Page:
In this opinion piece, Edge Hill University’s marketing expert Professor Kim Cassidy highlights three lessons from the pandemic that struggling retailers can use to help boost sales when planning for an unpredictable Christmas shopping period.
There’s never been a more important time to understand the strains and pressures that our high streets are under as they continue to recover from the pandemic and try to get customers back into the habit of shopping in-person.
English high streets have been free of lockdowns and Covid-19 safety measures since the spring, but retailers haven’t seen an increase in sales to match the increase in freedom. The reality is that in the wake of the pandemic, empty units are common with store vacancies at the highest level since 2013 and 69% of UK consumers now do at least half of their non-food shopping online according to research by Springboard.
So how do high street shops persuade consumers to leave the comfortable homes they have spent so much time and money on during the pandemic and come out to shop? And is it possible to bring them back permanently rather than just for a few weeks over Christmas?
I’ve been advocating for some time that UK high streets need to change in a range of ways to bring customers back, but to make things easy I’ve identified three legacies of lockdown that high street shops can keep to boost sales at practically no cost.
The first step is to refocus on some of the basics of marketing. As well as offering excellent service and responding quickly to changing needs, businesses need to communicate with consumers via social media, a channel that remains popular with shoppers. The independent retailers that make up so much of our high streets have never had such easy access to advertising and mass marketing, and they must take advantage of it. For many, investing just a small amount of time in posting on social media can enable businesses to instantly promote products and events to local, national and international audiences, and it’s all for free. I worry that many of the businesses who engaged with social media during the pandemic saw it as a one-time thing and have given up now that lockdown is over. They must not let this happen.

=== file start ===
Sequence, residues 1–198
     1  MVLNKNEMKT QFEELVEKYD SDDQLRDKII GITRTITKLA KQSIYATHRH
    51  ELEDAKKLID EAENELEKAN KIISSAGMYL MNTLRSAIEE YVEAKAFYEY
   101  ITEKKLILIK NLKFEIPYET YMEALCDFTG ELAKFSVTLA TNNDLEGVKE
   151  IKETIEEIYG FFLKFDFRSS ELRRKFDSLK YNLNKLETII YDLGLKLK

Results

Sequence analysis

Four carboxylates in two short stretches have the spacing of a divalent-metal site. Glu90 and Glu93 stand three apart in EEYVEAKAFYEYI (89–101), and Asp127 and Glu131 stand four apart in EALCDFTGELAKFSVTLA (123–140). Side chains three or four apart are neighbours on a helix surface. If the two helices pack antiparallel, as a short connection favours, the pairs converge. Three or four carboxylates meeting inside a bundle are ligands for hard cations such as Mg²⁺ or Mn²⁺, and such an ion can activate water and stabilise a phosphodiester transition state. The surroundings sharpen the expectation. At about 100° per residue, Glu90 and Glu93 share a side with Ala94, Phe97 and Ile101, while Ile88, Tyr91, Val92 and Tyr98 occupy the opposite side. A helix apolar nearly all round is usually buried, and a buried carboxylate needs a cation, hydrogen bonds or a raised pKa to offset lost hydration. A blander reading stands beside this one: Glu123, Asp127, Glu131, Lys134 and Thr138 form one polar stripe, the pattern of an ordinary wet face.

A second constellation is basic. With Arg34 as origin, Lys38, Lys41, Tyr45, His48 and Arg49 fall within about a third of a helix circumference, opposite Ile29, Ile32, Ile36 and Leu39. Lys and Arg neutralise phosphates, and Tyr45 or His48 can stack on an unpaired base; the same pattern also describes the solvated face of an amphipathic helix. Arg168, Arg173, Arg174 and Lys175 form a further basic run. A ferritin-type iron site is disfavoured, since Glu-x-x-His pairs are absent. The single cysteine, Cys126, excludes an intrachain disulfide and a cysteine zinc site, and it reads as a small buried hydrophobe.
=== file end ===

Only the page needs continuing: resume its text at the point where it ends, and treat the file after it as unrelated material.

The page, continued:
Secondly, I’d like to see businesses working together and collaborating to reinforce a distinctive place identity. Whether that’s selling local products in independent shops, highlighting the good work of other businesses or organising large-scale events – it all helps to create a buzz about a local area. Traditional retailers need to collaborate with leisure, tourism and heritage attractions to create innovative experiences that will excite consumers.
I’ve seen numerous examples of high streets banding together to support one another. Here in the North West, businesses on Smithdown Road in Liverpool recently banded together for the ‘Smithdown Festival’ with pubs, shops and restaurants hosting live music and events. By pooling resources and promotional materials, they were able to spread the wealth and create a buzz about the local area.
Lastly, high street shops need to think about what online retailers simply can’t offer. That means offering in-person services like personalised shoppers, classes, talks and meet-ups. All things that simply cannot be replicated online.
Prior to the pandemic some retailers had started to make changes to their business models to bring customers back to the high street. Local butchers offering butchery classes or clothes retailers running dressmaking courses. This work must continue and accelerate for shoppers to be drawn back to the high street in large numbers.
The overall picture is hopeful, in the wake of the pandemic consumers are keen to buy local and support their communities, but the pressure is on businesses large and small to show the public why the high street is still a great place to be and why they should shop there.
Professor Kim Cassidy shared these ideas with the recent Newark and Sherwood District Council Economic Growth Conference attended by over 100 business leaders, politicians and policy makers.
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